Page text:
An exchange-traded fund, commonly referred to as ETF is simply a collection of securities that may consist of bonds, stocks, real estate, commodities, and other financial market assets.
Typically, you can buy and sell exchange-traded funds on an exchange the same way you would do with stocks. These assets are designed to offer transparency, liquidity, and a wider range of tax benefits.
Just like any other financial market product, ETF funds are not a one-size-fits-all solution to trading. In fact, successful ETF traders evaluate each component in the basket on its own and its investment quality before making a decision.
In this article, we discuss some of the essential things you need to know about exchange-traded funds.
How does ETF work? Three simple steps
Here is how exchange-traded funds work in three simple steps:
- An ETF provider considers a wide range of financial market assets, including bonds, currencies, stocks, or commodities, and creates a basket/group of them with a unique ticker.
- Investors/traders can buy a share of the basket the same way they would purchase shares of a company.
- Buyers and sellers then trade the ETF throughout the day on an ETF exchange, much like a stock. This is what is referred to as ETF trading and involves fulfilling an ETF price.
What are some of the common types of ETFs?
There are different types of ETFs which vary greatly in terms o their investment goals and underlying assets. Here are some of the common types of ETFs and how they differ. Just keep in mind that these ETFs are not mutually exclusive. For instance, an ETF stock can also be index-based and vice versa.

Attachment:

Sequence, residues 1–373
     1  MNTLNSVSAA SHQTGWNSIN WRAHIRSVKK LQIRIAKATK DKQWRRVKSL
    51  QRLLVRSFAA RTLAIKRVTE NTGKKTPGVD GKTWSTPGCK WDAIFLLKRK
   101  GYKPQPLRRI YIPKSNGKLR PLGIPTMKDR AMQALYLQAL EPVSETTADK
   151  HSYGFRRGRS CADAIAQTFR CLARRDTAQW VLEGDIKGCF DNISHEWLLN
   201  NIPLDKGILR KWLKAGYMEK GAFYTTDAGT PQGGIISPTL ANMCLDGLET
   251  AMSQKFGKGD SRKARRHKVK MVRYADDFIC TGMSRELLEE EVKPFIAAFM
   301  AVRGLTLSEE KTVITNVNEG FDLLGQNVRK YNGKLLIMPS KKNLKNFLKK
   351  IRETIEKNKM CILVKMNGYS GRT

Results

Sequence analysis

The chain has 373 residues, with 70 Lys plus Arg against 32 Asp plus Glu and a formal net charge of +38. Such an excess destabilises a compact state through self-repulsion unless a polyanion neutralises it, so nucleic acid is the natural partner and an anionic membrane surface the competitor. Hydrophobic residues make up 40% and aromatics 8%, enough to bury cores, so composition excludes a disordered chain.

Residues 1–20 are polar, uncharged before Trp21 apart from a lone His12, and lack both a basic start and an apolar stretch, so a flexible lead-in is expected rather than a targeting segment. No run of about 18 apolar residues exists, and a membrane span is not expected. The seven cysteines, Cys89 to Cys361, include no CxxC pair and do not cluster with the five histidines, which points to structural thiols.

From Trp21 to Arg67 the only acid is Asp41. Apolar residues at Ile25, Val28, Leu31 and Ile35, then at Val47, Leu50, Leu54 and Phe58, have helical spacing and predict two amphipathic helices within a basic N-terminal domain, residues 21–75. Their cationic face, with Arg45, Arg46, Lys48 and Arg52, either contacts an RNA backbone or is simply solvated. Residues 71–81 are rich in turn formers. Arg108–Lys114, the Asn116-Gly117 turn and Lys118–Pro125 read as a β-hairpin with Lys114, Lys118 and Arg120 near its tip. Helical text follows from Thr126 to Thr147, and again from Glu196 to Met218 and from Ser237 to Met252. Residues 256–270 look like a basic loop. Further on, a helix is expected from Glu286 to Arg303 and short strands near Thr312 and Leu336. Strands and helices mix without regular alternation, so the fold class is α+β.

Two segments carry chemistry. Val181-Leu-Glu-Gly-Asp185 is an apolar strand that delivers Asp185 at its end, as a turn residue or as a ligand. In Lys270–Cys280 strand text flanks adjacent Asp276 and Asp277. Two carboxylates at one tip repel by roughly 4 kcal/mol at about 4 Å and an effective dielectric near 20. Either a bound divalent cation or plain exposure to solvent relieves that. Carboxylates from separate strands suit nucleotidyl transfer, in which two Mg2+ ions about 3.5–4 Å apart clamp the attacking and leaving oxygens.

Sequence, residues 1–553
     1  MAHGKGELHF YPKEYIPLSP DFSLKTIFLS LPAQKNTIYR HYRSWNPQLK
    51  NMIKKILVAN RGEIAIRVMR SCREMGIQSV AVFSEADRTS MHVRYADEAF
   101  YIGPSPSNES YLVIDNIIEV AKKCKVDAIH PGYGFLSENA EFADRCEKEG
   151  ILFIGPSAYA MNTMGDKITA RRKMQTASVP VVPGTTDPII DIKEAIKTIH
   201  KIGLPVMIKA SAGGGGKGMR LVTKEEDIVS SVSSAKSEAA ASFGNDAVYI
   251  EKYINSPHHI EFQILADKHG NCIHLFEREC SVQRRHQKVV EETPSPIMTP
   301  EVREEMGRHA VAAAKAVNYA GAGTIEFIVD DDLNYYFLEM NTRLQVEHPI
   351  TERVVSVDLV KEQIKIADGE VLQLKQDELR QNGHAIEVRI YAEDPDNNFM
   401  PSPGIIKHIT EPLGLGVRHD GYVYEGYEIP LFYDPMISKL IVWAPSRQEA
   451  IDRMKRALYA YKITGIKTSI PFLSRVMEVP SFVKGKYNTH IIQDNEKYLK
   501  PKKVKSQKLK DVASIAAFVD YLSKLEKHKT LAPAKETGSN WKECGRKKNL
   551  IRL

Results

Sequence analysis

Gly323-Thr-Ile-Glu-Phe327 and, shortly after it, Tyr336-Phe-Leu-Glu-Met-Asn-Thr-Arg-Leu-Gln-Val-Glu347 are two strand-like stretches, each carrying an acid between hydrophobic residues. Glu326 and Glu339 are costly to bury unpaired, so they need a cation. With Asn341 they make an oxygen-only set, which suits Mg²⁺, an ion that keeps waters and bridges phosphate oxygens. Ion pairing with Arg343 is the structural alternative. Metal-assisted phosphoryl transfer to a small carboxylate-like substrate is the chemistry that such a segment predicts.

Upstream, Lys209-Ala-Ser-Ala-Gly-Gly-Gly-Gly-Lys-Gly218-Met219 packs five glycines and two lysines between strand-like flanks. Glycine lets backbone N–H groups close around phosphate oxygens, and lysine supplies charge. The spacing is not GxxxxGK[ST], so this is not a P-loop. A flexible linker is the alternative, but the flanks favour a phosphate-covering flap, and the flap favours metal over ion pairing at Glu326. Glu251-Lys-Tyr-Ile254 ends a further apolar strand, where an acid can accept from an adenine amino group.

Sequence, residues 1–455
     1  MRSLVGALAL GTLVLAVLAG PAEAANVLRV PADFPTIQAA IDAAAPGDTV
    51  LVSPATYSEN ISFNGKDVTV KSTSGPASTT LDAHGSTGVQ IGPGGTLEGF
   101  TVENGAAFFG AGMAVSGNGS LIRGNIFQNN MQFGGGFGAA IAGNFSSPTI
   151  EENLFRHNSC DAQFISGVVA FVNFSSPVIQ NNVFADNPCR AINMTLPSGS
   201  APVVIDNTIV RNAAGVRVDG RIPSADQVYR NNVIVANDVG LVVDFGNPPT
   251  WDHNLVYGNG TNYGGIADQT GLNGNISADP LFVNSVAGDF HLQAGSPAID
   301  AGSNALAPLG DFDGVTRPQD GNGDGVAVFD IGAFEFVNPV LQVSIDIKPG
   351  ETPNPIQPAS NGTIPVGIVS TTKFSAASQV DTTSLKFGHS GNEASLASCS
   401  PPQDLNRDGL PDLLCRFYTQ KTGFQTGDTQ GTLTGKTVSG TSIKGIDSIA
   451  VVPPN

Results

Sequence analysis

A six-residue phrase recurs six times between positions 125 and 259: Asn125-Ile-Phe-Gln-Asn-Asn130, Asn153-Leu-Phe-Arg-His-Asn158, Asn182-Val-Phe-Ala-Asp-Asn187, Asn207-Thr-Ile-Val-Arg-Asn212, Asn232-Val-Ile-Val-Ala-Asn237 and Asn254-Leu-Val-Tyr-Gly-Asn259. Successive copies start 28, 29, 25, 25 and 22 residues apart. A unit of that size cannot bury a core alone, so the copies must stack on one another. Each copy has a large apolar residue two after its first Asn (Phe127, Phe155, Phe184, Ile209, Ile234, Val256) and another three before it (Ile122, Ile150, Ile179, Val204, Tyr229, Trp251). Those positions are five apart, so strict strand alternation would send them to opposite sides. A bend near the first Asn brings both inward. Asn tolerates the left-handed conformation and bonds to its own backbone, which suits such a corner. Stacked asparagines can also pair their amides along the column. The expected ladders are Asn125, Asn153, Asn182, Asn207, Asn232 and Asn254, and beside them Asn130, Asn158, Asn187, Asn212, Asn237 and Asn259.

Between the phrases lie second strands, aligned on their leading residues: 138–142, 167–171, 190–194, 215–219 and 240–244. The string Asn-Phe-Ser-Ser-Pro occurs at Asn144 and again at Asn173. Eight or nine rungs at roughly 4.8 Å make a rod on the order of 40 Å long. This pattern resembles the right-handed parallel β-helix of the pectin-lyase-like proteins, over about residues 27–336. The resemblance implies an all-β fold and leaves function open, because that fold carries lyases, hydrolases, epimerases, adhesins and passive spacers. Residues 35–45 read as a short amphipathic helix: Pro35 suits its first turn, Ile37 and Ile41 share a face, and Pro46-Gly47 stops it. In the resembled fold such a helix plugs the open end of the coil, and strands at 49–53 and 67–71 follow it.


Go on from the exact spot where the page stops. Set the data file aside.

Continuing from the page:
- Commodity ETFs: Commodities are mostly raw goods that can be bought or sold, such as coffee, oil, and gold. Commodity ETF provides you with an opportunity of bundling these securities into a single investment.
- Stock ETFs: These are the most common type of ETF funds and mainly comprise of stocks. ETF stock is meant for long-term investment and is less risky compared to individual stocks.
- International ETFs: If you are looking to build a diverse portfolio, you might want to consider this option. International ETFs are an easy and less risky way of finding foreign investments.
- Bond ETFs: Unlike individual bonds, ETF bonds don’t have a maturity date and are generally used to generate cash payments to the trader.
Here is why ETF investing might be worthwhile
An exchange-traded fund offers you a relatively easy way to invest in financial markets without having to research the individual companies. You also don’t have to go through the tiring process of constructing a well-balanced investment portfolio.
Not everyone has the time, energy, and ability to so, and an ETF market provides you with a simple way to gain quick access to a well-diversified set of assets.
Also, investors that like researching stocks can greatly benefit from ETF because stock ETFs are the most common. Basically, these assets allow investors to enjoy a wide range of investing benefits without spending a lot of time on research and analysis.